Lewis Wild

Horizon Zero Dawn Review

Decrease Font Size Increase Font Size Text Size Print This Page

After playing Horizon Zero Dawn you would never guess it was made by Guerilla, the company who are known for the Killzone series. The game is a remarkably different from the dark and bleak battlefields of Helghan. Sony’s newest exclusive stretches its 30-hour long story over the bright and beautiful world of Horizon.

 

Horizon isn’t a post-apocalyptic world that we are used to. Long grass sways with the breeze, mist hangs over the rivers and mountains, animals roam the land. The world is added to by a wide variety of hostile machine like animals as well as humans in the form of bandits. Whether you’re trying to shoot a Stormbird out of the air with your trusty bow and arrow, or set up a trap to take down a Sawtooth each fight feels unique and different.

 

The game follows Aloy, a female hunter who was banished by her tribe at birth. The story kicks off after Aloy competes in The Proving, in an attempt gain her place in the tribe.  After this a touching story unravels as she tries to figure out how humanity almost ended the world hundreds of years ago.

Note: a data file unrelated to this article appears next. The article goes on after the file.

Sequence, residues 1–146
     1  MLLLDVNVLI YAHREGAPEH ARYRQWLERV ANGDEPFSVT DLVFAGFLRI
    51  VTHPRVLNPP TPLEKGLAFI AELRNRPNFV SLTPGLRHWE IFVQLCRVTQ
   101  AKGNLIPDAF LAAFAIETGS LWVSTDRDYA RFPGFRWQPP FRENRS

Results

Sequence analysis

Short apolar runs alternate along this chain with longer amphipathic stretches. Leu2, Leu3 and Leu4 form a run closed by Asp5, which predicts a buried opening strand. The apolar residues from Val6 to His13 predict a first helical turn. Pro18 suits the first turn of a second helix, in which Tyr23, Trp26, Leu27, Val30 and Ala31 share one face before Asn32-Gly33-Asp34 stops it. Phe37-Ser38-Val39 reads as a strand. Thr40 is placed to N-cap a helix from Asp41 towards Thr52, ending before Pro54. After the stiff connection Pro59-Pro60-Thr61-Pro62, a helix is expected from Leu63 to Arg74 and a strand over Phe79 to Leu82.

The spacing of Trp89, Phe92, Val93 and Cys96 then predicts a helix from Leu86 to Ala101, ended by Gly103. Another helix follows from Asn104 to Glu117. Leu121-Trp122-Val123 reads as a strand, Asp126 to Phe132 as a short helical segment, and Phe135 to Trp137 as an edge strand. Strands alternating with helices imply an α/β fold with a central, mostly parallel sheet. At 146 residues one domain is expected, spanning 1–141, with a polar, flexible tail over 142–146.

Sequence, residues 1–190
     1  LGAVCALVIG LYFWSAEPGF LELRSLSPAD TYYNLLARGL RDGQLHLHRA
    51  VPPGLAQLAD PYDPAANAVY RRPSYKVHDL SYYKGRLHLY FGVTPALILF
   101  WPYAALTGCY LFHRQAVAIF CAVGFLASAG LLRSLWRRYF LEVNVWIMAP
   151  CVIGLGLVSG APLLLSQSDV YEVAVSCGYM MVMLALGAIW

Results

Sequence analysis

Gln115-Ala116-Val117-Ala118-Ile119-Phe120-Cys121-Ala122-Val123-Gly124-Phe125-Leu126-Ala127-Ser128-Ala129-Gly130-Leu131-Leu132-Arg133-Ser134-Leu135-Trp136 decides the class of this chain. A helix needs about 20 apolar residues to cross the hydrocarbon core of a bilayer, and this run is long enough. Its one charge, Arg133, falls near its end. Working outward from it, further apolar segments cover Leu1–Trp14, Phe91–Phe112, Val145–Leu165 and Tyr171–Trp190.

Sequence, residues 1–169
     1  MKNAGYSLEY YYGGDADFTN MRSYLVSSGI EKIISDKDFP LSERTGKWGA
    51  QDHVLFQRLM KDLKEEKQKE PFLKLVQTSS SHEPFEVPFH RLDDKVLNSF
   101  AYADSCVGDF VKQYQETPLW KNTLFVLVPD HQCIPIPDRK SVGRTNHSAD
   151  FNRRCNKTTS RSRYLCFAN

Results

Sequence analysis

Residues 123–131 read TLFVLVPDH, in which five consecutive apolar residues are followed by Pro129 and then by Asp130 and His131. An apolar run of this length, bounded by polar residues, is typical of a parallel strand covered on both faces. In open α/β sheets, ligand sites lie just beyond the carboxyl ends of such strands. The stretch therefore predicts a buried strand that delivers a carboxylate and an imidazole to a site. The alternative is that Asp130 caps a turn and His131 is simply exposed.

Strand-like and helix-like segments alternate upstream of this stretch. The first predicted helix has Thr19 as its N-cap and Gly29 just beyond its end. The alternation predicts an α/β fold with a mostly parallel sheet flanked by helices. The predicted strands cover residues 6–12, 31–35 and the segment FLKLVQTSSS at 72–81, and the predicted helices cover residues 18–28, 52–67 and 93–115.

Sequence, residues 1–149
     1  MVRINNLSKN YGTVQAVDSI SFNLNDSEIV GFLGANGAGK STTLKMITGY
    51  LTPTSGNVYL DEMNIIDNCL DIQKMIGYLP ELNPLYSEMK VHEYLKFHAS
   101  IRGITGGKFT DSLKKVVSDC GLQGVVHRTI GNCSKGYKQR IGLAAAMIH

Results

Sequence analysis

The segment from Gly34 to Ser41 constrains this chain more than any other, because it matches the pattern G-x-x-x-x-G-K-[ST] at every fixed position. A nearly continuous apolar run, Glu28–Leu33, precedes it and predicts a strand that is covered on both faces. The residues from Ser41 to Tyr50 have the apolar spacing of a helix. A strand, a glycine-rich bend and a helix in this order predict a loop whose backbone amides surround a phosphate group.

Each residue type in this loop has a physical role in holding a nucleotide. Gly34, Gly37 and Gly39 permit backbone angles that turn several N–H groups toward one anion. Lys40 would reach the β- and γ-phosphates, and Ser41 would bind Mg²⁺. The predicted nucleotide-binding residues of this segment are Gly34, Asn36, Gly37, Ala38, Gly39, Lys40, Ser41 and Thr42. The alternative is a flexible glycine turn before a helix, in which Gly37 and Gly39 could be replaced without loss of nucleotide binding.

Aloy has access to several different weapons, allowing the player to choose their own playstyle. Stealth is one option, hiding in tall grass and taking out enemies one by one with traps or silent arrow hits. Another is with brute force, explosive weaponry and Aloy’s spear, although the former is much more fun and dynamic.

 

Horizon features an interesting skill tree, with points from leveling up giving the character several new abilities, such as being able to notch 3 arrows at once. The games HUD is fully customisable to the players taste which comes as a welcome surprise.

 

Aside from occasional poor voice acting and strange facial expressions from characters, there isn’t much to criticise Horizon about. Sometimes side quests can be a little simple, often being as shallow as going to a place and defeating a few enemies or finding something.

 

One thing that stands out is that the game has clearly taken inspiration from others, if you stuck Geralt from The Witcher into Aloy’s place it might be hard to tell the games apart from scenery alone. The hunting and crafting system is all familiar if you’ve played Far Cry as well, a further similarity is the clearing of bandit camps throughout the world.

 

Horizon Zero Dawn looks to be a huge IP for Sony, no doubt there will be sequels. At the end of the day Horizon Zero Dawn doesn’t do anything spectacularly new, but everything in it works so well together that it feels like a unique and refreshing game.

Leave a Reply

Your email address will not be published. Required fields are marked *

Comment moderation is enabled. Your comment may take some time to appear.